On Monday, March 10, 1794, during the height of young Republics neutrality crisis, the Senate ordered: That the Secretary purchase Blackstones Commentaries, and Vattels Law of Nature and Nations, for the use of the Senate. The purchase orderthe first books the Senate bought (and the only ones it apparently ordered in the eighteenth century) -- gives us insight not only into the reference books the members of the First Congress likely consulted for issues relating to the ATS, but also signifies the omnipresent, omnipotent dual influencesometimes complementary as with the ATS, at other times pointing in different directions of English common law (represented by Blackstone) and continental public law (represented by Vattel) on the founding group.
The treatise by the Swiss thinker Emmerich de Vattel entitled The Law of Nations or Principles of the Law of Nature Applied to the Conduct and Affairs of Nations and Sovereigns was the supremus inter pares of the international law texts the founding group used during the crucial decade between 1787 and 1797. The Founders also read and cited other leading authorities, most notable Hugo Grotius and Samuel Pufendorf, but Vattel was their clear favorite.
Vattels work was first published in French in 1758, with the first English translation published in London in 1759. By 1787, there was another English edition and eight more French editions. The first American edition was published in New York in 1796 (BELOW). Vattels treatise, according to Benjamin Franklin as early as 1775, was continually in the hands of the members of our Congress now sitting. The book was especially treasured for its directions on how the young Republic should conduct its foreign affairs. At one cabinet meeting in April 1793, Alexander Hamilton cited Vattel for the proposition that the United States could unilaterally revoke its treaty of alliance with France given the dramatic upheaval in that country. Jefferson was not swayed by the citation, but it did cause Edmund Randolph, the attorney general, to reconsider his opposition to Hamiltons proposal. Unfortunately, a copy of Vattels was not available at the moment, and so the meeting adjourned until a copy could be located.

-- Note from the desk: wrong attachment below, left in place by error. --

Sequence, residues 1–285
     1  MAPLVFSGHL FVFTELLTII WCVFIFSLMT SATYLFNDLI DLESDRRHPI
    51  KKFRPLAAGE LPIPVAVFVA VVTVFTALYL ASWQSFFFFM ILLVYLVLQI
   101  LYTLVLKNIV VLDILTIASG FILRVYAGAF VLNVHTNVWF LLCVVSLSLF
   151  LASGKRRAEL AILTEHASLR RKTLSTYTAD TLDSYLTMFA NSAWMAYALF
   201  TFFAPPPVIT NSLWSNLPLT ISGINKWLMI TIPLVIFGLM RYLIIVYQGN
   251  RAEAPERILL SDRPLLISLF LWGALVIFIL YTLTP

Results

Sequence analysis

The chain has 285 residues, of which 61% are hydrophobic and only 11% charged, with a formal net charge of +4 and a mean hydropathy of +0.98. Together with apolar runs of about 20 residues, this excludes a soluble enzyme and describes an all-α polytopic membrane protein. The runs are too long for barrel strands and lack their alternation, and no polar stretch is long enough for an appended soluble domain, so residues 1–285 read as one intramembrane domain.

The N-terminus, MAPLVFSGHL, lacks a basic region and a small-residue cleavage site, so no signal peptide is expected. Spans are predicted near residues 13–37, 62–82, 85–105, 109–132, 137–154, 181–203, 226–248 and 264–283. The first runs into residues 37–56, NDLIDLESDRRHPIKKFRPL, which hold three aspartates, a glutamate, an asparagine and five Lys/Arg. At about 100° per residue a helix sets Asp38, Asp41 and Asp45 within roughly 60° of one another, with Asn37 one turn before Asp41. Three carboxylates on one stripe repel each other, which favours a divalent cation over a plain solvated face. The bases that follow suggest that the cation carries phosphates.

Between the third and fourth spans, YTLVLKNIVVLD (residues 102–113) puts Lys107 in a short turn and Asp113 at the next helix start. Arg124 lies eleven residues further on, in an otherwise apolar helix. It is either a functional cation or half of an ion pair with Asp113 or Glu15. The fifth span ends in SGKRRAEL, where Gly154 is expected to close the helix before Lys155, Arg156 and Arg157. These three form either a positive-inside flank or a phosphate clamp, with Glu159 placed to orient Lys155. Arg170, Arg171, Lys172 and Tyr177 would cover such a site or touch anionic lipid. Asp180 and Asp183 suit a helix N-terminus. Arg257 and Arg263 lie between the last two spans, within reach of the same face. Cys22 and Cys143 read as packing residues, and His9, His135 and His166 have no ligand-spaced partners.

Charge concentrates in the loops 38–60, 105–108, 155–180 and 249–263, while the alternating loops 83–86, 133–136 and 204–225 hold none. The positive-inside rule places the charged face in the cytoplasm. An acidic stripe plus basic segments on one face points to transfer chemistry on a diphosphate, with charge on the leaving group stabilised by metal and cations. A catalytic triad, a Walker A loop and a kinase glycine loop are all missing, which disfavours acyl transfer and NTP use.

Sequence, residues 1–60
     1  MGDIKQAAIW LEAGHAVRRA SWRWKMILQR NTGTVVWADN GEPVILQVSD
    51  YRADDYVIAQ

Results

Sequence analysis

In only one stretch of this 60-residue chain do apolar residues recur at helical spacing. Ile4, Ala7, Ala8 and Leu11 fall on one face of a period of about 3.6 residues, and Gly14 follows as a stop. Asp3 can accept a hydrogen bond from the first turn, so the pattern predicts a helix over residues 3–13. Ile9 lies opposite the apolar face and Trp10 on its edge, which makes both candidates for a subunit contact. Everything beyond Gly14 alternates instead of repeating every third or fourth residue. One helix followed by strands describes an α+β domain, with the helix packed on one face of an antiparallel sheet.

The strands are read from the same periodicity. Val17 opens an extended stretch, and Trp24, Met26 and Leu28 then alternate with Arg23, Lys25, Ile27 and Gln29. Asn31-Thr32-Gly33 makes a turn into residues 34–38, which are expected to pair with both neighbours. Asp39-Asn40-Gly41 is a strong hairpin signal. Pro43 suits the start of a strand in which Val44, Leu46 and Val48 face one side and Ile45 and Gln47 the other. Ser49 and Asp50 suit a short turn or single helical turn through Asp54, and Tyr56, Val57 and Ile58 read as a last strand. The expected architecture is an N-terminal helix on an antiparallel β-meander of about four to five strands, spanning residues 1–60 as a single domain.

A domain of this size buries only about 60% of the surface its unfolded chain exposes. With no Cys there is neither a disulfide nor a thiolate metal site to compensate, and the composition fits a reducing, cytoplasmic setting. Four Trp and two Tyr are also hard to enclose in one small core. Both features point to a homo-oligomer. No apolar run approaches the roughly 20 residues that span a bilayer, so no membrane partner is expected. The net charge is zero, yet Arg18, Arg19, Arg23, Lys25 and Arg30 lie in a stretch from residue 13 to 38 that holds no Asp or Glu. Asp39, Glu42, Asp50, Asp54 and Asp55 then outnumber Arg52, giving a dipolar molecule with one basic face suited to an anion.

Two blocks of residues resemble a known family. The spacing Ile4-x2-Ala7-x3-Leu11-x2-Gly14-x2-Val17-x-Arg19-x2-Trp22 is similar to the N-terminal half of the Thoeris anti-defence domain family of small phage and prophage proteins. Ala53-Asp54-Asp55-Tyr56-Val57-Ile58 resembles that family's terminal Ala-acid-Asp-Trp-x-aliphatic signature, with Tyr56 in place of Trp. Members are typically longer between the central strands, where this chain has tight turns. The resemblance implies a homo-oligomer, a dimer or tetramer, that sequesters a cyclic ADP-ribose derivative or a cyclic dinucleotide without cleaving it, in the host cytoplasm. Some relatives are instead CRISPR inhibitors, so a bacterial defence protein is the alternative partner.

Just a few more examples..
Law of Nations
"Because the law of nations is rooted in natural law, its substantive content was understood by the Framers as being immutable."
The Swiss juirist Emer de Vattel (1714-1767) was one of the foremost theorists of natural law in the 18th century. His writings were widely read in the American colonies and had a profound impact on the thinking of the framers of the American constitution. The Law of Nations (1758) is a 2 volume work in which Vattel explores the application of natural law to the conduct of states and sovereigns. He discusses the rights of obligation of the state itself, those of the sovereign power, the nature of good government, the right of the people to secession or rebellion, and the proper relations between sovereign states. The latter includes international commerce, international legal agreements, and treaties.
Law of Nations was strongly influenced by Leibnitz and Christian von Wolff